This feature contains spoilers from the new season of Netflix’s “Dead to Me.”
It’s been however many days since she began sheltering at her Los Angeles home — really, who can keep track anymore? —and Liz Feldman, the creator and showrunner of Netflix’s “Dead to Me,” hasn’t been writing.
OK, maybe emails and texts.
She had just wrapped finishing touches on the 10-episode sophomore season of the dark, twisty dramedy when the coronavirus-imposed lockdown went into effect.
“I’m in my reabsorption phase,” she says. “I’ve had some weird ideas where I’m like, ‘Oh, should I do this?’ and I can’t seem to motivate myself to do it.”
But she’s been keeping her TV muscle active — at least as a viewer. And for others like her, in need of fresh content to add to their queue, new episodes of “Dead to Me” are now available to stream.
The first season chronicled the unlikely friendship between Jen Harding (Christina Applegate), a recent widow, and Judy Hale (Linda Cardellini), the woman who accidentally killed Jen’s husband in a hit-and-run. By the end, in a dark role reversal, Judy’s former fiancé, Steve (James Marsden), is killed by Jen and left floating in her swimming pool. It’s safe to say that the the best friends are still feeling death’s tight grip in Season 2.
“If the first season was about grief, loss, forgiveness, friendship,” Feldman says, “this season is very much about truth, consequences, guilt. And there are some other themes that I hope that people will just pick up on without me having to say.”
A former stand-up comedian, Feldman made her more permanent leap into TV writing in 2004. She’s written for “The Ellen DeGeneres Show” as well as comedies like “The Great Indoors,” “Hot in Cleveland” and “2 Broke Girls.” In 2015, her short-lived comedy “One Big Happy,” about a lesbian and her straight male friend who decide to have a baby together, aired on NBC.
Feldman talked with The Times over video conference at her home earlier this week — on her seventh wedding anniversary, no less. (“That’s actually where we got married,” she said, moving her laptop to capture her backyard. “We’re going to have dinner and a drink out there.”) Here’s what she had to say about her TV journey under self-quarantine, how the coronavirus is changing her mindset for “Dead to Me’s” future and the inspiration for her TV twists. The following has been edited for clarity and condensed.
If you were to tell your life as a story, it has a lot of ... crazy twists and turns. And some days do feel like a ridiculous comedy and almost like a French farce, where you’re dropping [things], someone’s knocking on the door and you’re not dressed. Then there are other days, where you can’t imagine you could get any more bad news. The formula of traditional storytelling is something good happens, something bad happens, something good happens — that’s a very common way to tell a story. In my experience, something good happens, something better happens, something ... terrible happens, and then it gets worse. It’s like you get Trump, and he doesn’t get impeached and now we’re all in a ... global pandemic that we’re ill prepared [for]. But that’s life, you know? So when you start to describe life like that, you’re like, “Oh, God, that’s true. It is twisty and turny and sort of genre-less, you know?” Genre-nonconforming, as I like to say.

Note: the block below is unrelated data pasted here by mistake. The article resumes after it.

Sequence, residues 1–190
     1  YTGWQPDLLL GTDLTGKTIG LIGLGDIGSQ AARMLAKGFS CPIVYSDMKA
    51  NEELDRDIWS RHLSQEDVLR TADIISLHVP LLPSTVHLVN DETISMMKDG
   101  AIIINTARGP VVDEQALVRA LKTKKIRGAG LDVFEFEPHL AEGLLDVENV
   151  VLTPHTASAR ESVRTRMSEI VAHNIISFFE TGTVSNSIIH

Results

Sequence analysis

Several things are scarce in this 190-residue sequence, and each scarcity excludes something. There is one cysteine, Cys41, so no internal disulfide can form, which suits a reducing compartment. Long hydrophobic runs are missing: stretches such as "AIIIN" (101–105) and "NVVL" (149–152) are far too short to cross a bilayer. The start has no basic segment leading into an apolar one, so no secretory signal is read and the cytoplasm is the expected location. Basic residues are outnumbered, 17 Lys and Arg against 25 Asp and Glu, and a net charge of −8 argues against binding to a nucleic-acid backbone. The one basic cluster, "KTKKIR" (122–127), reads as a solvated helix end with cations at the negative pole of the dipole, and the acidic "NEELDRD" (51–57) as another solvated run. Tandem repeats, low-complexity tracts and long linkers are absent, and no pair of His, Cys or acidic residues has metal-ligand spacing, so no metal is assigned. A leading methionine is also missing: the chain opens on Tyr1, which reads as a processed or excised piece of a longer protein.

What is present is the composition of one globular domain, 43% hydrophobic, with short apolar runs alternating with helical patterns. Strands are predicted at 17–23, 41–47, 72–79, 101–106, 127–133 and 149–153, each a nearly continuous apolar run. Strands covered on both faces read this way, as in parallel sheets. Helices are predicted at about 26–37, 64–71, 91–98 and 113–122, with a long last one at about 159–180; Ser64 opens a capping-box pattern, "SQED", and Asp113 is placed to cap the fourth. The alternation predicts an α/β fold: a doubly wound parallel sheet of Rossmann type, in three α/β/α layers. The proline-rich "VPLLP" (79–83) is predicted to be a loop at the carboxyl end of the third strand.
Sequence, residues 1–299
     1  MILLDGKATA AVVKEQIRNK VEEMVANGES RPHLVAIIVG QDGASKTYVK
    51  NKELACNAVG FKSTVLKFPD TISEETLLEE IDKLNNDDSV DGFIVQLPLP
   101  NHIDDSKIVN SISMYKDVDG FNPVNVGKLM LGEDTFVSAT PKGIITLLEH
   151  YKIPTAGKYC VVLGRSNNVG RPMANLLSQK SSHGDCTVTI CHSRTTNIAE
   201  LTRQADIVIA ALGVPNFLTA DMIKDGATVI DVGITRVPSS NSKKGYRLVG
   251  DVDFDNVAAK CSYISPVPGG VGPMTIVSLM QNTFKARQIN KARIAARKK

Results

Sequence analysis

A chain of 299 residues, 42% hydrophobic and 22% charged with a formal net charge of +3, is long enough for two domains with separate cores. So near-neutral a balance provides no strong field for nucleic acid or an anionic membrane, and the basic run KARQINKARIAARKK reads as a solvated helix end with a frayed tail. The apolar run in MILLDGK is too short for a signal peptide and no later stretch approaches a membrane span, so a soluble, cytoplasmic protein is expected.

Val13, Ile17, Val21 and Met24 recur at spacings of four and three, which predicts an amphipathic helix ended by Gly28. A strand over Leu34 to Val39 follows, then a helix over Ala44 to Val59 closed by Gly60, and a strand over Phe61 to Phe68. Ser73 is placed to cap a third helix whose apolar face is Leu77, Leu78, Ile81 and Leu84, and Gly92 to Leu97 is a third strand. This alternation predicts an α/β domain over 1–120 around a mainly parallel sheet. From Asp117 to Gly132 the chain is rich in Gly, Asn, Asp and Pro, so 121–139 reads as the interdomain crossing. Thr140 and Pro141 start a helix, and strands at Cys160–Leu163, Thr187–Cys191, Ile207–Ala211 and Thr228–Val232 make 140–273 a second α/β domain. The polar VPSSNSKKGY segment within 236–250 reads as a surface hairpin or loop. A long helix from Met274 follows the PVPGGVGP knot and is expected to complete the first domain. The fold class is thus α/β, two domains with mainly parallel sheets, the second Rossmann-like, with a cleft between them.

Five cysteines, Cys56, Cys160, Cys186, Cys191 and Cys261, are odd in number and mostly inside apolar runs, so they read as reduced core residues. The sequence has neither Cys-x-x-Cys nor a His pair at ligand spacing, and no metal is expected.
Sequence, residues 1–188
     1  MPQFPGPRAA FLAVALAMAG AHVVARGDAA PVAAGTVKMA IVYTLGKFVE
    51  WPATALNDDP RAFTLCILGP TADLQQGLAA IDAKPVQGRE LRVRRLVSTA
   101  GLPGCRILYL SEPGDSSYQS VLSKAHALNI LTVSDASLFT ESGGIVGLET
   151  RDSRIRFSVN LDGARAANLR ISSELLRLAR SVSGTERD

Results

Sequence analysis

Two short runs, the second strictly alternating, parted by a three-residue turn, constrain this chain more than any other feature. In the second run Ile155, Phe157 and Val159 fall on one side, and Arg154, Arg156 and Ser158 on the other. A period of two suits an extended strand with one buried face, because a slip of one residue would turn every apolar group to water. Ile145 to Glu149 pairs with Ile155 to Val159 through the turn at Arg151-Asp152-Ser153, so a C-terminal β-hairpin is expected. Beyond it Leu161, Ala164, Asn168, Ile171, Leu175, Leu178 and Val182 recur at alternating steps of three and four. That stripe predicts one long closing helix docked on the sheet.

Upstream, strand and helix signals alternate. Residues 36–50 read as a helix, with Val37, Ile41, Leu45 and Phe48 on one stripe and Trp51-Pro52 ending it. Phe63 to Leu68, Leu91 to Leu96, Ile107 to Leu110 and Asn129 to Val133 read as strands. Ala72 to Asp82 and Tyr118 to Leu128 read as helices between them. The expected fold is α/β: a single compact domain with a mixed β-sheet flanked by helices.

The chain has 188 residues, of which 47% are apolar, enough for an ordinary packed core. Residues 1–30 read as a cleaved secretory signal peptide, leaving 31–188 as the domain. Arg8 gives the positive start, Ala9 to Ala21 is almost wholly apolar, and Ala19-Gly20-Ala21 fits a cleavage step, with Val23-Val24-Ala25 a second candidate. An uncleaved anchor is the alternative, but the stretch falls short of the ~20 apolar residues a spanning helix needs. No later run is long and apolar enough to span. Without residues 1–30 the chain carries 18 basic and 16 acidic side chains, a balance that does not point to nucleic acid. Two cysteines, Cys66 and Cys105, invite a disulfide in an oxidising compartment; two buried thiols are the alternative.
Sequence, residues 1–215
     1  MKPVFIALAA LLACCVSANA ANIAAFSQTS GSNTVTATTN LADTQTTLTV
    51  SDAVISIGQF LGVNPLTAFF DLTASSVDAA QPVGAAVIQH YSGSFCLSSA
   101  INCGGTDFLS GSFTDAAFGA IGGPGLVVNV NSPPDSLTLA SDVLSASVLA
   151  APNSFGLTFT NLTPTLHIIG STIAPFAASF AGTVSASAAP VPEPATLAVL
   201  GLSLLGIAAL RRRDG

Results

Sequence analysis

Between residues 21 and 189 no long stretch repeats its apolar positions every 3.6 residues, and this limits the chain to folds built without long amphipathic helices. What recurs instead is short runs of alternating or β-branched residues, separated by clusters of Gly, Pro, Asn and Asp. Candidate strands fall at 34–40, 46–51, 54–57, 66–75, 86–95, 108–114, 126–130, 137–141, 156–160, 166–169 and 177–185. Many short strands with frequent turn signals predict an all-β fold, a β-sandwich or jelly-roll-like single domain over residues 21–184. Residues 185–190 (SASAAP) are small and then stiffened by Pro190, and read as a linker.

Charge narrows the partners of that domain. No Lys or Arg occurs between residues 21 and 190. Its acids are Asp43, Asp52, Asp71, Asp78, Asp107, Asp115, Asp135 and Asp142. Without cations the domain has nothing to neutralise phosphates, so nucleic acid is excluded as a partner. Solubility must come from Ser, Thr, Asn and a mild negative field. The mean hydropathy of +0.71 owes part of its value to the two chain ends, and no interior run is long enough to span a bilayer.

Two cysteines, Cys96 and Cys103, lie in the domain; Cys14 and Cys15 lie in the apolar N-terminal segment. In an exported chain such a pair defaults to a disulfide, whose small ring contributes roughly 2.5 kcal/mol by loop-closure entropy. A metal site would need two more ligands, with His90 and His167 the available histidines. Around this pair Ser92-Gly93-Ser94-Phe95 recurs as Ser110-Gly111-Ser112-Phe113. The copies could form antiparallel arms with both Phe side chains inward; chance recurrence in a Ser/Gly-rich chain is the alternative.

I’m married to a woman and I just was longing to tell a story about two people getting together and not having to explain it or talk about it or discuss it. Don’t get me wrong, there’s real value in a coming out story. I’ve told mine several times in so many iterations. It just wasn’t a story I felt like I needed to tell. What I haven’t seen and I thought could be interesting was just somebody living their life, being attracted to somebody, going for it and it just not being a conversation. Because of all people, Judy has the capacity to love all people and that does not need to be explained.
If you watch the show and if you understand that character, she’s a walking, beating heart, you know? And she’s in a situation where she’s trying to start fresh in her life. She’s looking for something that feels different than it felt like with Steve. And she’s introduced to this woman [Michelle, played by Natalie Morales] and they have a simpatico connection pretty much from the beginning. And I very purposely cast a queer actress to play Michelle. And I just thought, “God, wouldn’t it be nice to not hang a lantern on it and not have to explain it?” Because when you see a straight relationship forming, it’s never explained. And I think just that’s kind of my political agenda, to say: “This is so normal. It doesn’t need to be explained or discussed or analyzed in any way.” She falls for this person and her best friend [Jen] is like, “You guys are great.” And I just thought it would be refreshing.